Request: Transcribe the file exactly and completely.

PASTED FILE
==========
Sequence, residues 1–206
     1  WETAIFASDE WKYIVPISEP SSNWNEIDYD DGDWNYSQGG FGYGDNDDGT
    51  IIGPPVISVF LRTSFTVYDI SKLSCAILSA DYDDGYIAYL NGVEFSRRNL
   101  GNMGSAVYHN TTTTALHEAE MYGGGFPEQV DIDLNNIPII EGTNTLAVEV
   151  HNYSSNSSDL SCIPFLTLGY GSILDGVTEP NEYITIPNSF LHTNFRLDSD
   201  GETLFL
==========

Sequence, residues 1–206
     1  WETAIFASDE WKYIVPISEP SSNWNEIDYD DGDWNYSQGG FGYGDNDDGT
    51  IIGPPVISVF LRTSFTVYDI SKLSCAILSA DYDDGYIAYL NGVEFSRRNL
   101  GNMGSAVYHN TTTTALHEAE MYGGGFPEQV DIDLNNIPII EGTNTLAVEV
   151  HNYSSNSSDL SCIPFLTLGY GSILDGVTEP NEYITIPNSF LHTNFRLDSD
   201  GETLFL